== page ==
It lies underneath your feet. Surrounds you on all four sides. Closes you in, always present. But you are not scared of it. You don’t even notice it. You live your life constantly passing it by, never giving it a second glance. It does not harm you. If anything, it protects you, yet you never thank it. You walk all over it, creating cracks in it, destroying it underneath your weight, mercilessly eroding its substance. You don’t even care.

Recall a fall. The Greats. No longer existing except within the paragraphs of our textbooks. It is asked, “What have the Romans ever done for us?” It is answered, “Created a foundation.” Classical art inspired the Renaissance, bringing forth the work of da Vinci, Michelangelo, Raphael. Classical ideology drove democracy, ideas of progress for the people. Classical language is the heart of our lingua franca, the root of our words, spoken to create a better world. We look to the classics for the aesthetically pleasing, to find beauty in the human and the natural world. The Romans revolutionized. A foundation for art, language, beauty - we are taught this and remember this. But where would we be without the dull, gray, cold substance that cemented the glory of the Romans? Concrete built our world. The arch and the aqueduct. The Colosseum and the Pantheon. The sidewalk and the cinderblock. The edifice and the expressway.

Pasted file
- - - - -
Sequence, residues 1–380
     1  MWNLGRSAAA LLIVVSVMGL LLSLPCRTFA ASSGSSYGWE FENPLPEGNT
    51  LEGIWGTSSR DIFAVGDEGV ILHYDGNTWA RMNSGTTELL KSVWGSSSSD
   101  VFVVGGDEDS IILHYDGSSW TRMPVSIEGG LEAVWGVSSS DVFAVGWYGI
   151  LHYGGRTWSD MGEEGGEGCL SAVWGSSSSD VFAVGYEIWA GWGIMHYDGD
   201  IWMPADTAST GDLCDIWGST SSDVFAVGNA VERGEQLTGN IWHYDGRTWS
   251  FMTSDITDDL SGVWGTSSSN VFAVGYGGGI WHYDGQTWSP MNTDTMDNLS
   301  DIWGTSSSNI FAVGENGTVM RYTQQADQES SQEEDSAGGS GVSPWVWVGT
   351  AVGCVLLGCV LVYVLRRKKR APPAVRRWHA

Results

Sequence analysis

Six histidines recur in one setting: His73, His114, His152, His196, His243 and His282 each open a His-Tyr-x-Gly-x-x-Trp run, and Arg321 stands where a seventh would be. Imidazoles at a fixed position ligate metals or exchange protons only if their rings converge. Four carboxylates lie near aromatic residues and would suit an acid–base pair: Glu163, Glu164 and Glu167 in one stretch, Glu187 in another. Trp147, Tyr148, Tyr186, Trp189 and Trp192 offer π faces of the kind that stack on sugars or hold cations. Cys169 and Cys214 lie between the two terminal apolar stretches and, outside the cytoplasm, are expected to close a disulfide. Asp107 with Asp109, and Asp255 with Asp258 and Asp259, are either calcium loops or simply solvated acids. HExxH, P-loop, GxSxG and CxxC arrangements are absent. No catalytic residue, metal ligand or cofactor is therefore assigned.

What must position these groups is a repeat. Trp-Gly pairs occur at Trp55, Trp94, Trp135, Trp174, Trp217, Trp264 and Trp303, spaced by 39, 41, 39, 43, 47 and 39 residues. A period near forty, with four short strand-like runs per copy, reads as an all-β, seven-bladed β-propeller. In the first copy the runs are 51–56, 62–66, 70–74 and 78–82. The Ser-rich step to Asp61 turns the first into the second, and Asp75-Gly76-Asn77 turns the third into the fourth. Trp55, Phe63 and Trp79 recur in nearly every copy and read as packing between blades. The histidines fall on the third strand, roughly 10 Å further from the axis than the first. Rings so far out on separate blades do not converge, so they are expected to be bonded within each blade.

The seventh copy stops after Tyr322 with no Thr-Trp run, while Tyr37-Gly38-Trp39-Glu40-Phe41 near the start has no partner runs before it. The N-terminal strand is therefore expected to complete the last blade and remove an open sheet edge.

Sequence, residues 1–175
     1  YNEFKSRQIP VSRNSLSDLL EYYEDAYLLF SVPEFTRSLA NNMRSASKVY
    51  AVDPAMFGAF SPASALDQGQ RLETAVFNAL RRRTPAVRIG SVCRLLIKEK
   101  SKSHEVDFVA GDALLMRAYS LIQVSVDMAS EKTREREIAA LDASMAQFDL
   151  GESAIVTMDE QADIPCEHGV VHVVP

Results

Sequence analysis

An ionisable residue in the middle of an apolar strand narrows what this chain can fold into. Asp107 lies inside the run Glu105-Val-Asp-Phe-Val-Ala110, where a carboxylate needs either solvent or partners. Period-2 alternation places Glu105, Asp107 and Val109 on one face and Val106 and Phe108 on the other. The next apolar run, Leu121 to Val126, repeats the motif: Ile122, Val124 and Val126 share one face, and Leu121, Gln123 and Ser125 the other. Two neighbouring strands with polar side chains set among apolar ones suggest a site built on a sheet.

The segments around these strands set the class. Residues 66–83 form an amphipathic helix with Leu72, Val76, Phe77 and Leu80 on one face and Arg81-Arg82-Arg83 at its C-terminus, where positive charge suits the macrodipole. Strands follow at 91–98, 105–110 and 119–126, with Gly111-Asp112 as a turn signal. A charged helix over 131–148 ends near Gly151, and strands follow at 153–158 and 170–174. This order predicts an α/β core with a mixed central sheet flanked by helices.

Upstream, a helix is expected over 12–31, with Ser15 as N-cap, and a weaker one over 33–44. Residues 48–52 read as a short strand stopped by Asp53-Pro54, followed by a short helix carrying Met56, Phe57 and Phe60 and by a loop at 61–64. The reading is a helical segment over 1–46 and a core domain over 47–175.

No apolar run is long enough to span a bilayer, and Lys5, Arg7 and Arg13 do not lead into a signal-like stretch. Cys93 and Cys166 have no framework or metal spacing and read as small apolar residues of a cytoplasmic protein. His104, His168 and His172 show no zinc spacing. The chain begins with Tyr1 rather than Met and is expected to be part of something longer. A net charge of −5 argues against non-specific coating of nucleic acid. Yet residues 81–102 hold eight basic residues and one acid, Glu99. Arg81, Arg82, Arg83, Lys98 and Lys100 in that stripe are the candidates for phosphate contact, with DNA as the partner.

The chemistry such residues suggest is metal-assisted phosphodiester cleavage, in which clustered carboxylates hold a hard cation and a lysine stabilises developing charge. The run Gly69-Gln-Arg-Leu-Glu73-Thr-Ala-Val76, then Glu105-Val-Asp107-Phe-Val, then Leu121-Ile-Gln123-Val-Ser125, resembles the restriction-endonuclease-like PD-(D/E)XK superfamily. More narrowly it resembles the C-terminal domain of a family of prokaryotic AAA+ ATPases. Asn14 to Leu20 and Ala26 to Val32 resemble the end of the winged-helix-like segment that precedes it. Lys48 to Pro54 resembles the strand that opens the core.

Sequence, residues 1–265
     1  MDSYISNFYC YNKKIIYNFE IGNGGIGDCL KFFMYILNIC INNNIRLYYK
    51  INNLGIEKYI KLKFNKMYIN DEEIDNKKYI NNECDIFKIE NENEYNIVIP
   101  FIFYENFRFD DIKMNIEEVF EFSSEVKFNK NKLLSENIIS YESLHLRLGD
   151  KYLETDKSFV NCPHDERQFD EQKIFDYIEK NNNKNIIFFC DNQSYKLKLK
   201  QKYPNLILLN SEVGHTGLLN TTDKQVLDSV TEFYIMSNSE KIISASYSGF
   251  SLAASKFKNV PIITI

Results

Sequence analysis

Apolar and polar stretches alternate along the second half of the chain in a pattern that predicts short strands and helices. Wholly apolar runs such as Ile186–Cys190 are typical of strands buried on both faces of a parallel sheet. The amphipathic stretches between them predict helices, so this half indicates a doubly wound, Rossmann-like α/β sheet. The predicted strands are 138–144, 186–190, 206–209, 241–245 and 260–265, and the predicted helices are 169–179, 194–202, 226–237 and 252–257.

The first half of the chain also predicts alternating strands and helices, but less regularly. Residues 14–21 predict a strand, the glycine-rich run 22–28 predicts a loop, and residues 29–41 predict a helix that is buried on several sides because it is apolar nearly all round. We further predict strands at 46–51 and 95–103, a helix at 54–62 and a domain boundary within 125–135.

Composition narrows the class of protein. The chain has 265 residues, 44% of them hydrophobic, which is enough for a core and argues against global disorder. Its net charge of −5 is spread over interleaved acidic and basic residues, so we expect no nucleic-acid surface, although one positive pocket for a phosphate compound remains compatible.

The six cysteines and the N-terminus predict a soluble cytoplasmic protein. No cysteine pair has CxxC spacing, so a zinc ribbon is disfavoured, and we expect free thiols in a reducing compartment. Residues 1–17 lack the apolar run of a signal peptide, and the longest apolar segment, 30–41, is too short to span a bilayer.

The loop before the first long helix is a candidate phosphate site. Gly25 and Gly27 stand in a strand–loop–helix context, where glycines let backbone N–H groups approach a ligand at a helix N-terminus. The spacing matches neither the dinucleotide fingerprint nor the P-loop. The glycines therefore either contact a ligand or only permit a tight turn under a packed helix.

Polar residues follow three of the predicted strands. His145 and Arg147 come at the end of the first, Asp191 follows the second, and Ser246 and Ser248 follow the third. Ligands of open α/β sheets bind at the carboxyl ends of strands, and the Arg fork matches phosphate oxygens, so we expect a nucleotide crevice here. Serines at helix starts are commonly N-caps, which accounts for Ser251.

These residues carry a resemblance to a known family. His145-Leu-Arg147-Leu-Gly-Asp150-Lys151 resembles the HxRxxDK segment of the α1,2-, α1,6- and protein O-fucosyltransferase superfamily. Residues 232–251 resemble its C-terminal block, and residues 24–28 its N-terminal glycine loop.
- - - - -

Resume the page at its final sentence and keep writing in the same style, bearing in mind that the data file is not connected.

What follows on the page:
Recall a fall. Face down on the concrete. When you tripped, the force of your tumble could have broken bones, shattered ribs, torn flesh. Yet the concrete remains there, unchanged and unmoving, mocking you for being so fragile. But what would you do without it? The concrete built your home. It built the sidewalk that will lead you back there. It built the pipes that quench your thirst. It built the archways, the pathways, the stairways. You remain on the gray ground, spread your fingers across its surface. Cold and hard. Breathing in, you are reminded that you are alive. You recall the greatness of the Romans, how they once fell.

Recall a fall. It hurts, but there’s no blood. A fall from grace. You sit in a concrete stairwell. Alone. As you rest your head against the wall, you remember the cinderblocks that enclosed your high school. You reminisce about the facts you learned then, recalling that this substance you lean against is the very substance that proclaimed the victory of Titus, the grandeur of Flavian. Your sadness will die, as will you. But the concrete will hardly feel the blow of one hundred years passing by. No matter how many bridges you burn, the concrete overpasses stand tall. No matter how many times you damn yourself, the concrete dams hold back the river. You are not healed, but the concrete walls around you and the concrete stairs beneath you insist that the world will go on another day.

Recall a rise. Look up, around you, beneath you. The doorway you pass through. The water you drink. The floor your feet walk upon. These are not abstract ideas. They are concrete victories. The rise of a groundwork, a literal foundation. Civilization, architecture, art, construction - the whole world as we know it- depend upon it. Its strength surpasses the death of man. Its simplicity astounds. The dull gray surrounds us and gives us life.